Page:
PUBLISHED IN ISSUE 15
WRITTEN BY J.R TOLKIEN
(the emerging music journalist, not the internationally acclaimed author)
PHOTOS BY MERKADIE BARNARD
It’s an unusually cold spring day when Chandra Melting Tallow, the founding father of Mourning Coup, picks me up from the Victoria International Airport in her big red truck. Driving with abandon down the narrow roads of Sooke, BC she tells me we’re headed to her mom’s house. She’s been living in the basement for the past four years. “Training” she explains without further elaboration.
The house is modest with several vehicles on the front lawn. Painted fire truck red, it’s nothing special. When we get to the basement however, I’m proven looks can be deceiving. With a clap of her calloused hands I’m momentarily blinded by a barrage of sad lamps.
“This is where the magic happens,” she says extending her arms. The air is heavy with incense as a futile attempt to mask the smell of marijuana, which is technically illegal. In the centre of the room is a punching bag gently swaying in the breeze. She proceeds to take a few jabs, then turns and looks me dead in the eye.
I am a bit afraid -she has Japanese death poems printed on large sheets of paper covering the walls- but I pretend I didn’t hear her. She motions for me to sit on a bean bag chair and hands me a box of Lucky Charms.
“Try some they’re delicious.”
“Thanks I’ve actually had them before.” I say “Shall we begin?”
“Okay.” She answers before shovelling a handful of the delicious cereal in her mouth.
“You’ve never given a clear answer regarding the origins of the album title. Could you tell us the tale of Baby Blue?”
Wistfully she stares off into the distance. “You know what, I like you. Maybe it’s those big goofy glasses you’re wearing. Reminds me of my favourite teacher in high school.”
Self-consciously I touch my face. “They’re vintage.” I whisper.
based on a true story
It was a dark and stormy night. Picture me this: a strange figure, struggling against the wind, wearing a cowboy hat and a black trench coat makes their way down a winding dirt road leading to a run down old house. This is none other than Dead Red, infamous wizard of the badlands. Living amongst the shadows, he wanders the earth averting evil forces determined to annihilate him.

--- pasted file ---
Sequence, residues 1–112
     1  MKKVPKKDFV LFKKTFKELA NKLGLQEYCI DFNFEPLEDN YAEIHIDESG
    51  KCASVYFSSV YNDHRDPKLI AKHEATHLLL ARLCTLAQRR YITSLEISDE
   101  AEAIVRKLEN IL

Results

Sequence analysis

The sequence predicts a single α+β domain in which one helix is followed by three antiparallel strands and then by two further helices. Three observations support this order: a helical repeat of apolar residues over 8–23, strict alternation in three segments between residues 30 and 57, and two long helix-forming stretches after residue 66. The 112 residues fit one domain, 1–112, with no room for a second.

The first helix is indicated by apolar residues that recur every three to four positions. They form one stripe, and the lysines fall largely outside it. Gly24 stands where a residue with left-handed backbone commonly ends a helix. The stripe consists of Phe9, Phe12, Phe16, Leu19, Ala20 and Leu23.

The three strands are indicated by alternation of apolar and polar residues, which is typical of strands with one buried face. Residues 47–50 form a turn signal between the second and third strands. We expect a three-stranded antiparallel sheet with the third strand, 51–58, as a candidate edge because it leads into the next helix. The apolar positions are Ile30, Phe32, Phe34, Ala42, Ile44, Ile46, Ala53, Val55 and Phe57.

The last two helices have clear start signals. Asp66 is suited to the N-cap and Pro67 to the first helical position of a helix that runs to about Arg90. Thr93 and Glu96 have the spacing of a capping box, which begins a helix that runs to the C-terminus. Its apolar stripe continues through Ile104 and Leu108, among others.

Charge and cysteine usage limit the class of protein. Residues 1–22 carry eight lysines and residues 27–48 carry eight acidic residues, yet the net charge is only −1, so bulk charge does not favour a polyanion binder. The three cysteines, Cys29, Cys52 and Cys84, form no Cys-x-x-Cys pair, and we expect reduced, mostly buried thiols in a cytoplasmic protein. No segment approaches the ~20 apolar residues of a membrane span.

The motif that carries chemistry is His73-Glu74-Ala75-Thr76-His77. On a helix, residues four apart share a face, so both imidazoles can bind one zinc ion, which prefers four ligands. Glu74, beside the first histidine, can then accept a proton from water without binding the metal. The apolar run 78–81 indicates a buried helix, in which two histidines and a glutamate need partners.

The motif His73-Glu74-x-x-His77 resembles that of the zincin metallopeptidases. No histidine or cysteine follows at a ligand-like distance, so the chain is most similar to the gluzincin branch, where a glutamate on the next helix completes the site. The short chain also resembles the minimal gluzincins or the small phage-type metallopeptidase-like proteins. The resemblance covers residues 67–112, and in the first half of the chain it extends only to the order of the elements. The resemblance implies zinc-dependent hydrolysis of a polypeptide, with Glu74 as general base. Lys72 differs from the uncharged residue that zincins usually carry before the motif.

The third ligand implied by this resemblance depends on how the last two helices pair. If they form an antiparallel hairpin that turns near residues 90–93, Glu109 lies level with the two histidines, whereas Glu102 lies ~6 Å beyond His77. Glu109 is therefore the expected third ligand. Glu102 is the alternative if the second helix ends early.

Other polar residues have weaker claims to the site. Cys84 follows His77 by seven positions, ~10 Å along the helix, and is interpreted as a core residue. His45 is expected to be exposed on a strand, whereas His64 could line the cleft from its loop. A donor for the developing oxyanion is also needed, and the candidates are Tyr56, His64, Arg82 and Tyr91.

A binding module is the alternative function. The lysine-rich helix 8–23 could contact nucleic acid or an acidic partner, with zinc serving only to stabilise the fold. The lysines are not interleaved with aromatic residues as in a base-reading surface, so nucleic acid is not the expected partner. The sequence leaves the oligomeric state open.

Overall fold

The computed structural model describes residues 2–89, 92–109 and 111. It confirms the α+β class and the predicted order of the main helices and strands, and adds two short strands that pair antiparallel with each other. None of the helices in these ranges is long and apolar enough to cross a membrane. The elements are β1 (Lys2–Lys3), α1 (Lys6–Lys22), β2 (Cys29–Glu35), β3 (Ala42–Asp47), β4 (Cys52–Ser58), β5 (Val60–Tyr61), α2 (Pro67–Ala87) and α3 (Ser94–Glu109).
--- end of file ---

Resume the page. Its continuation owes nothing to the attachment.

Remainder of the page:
At the door are seven, count ‘em, SEVEN red roses. Dead Red doesn’t know why, but he knows there’s a reason. He can feel it in his gut. Reaching for his neck he makes sure his lucky necklace with his lucky charms is still there. The house is teeming with ghosts eager for a chance to catch a free ride with the living. Lucky charms are crucial for protection.
Dead Red quietly slips in the door when his body is filled with burning pain from his toes to the top of his head. “Goddamit,” he whispers, “Not again.” Dragging his legs and pouring sweat he presses forward like a true hero. Clutched in his hands is a small brown package. Cautiously he follows the tea lights leading the way to the Name Giving Master. The howling wind makes a racket but Dead Red refuses to give in to fear. Finally he reaches his final destination.
“Are you home? It’s me. Dead Red.”
“Come in,” a voice answers.
He opens the door to find a large teenaged girl practicing jabs on a punching bag in the centre of the room.
“Am I interrupting?” he asks tentatively.
“No, I’m pretty much finished,” she says, taking her place on a large velvet red cushion. “Have a seat, make yourself comfortable.”
Dead Red takes a seat on the floor. “It’s an honor to finally meet you.”
“Did you bring the offering?”
“Yes of course,” he said, handing it to her.
She places it in her lap and with a long sigh closes her eyes.
“The reason I’ve brought you here is to make an offer I don’t think you can refuse. I’ve been in this form fifteen years now. It’s been interesting and a true honor. I’d like to pass this honor onto you. Trade me forms and you can continue as wizard of the badlands. Disguised as Dead Red I’ll destroy everyone who wishes to harm you. You won’t be found and can continue your work in peace.”
Tears of gratitude sprung to his eyes. “Do I get a new name?”
“You are now Baby Blue. But not forever. I’ll return in fifteen years with a new name. The forces of evil in the world are growing stronger. I’m afraid you’ll suffer terribly, but you won’t be alone.”
“Okay.” Said Dead Red.
A shiver ran down my spine at that moment and Chandra Melting Tallow reached behind the bean bag chair and placed a worn dusty cowboy hat on her head.
“You can call me Ponyboy.”
Vancouver-based musician Chandra Melting Tallow released her debut LP Baby Blue last summer on No Sun Recordings which will also be available on tape September 3rd via Gary Cassettes. Look out for her collection of stories sometime this fall!
© 2018 The Editorial Magazine